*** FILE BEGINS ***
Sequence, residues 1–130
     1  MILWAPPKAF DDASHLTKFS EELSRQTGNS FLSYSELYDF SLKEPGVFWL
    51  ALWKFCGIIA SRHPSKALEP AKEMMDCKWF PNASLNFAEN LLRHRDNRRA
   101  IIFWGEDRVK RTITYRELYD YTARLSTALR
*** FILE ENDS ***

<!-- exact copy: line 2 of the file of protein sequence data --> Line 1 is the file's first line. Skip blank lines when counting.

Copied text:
     1  MILWAPPKAF DDASHLTKFS EELSRQTGNS FLSYSELYDF SLKEPGVFWL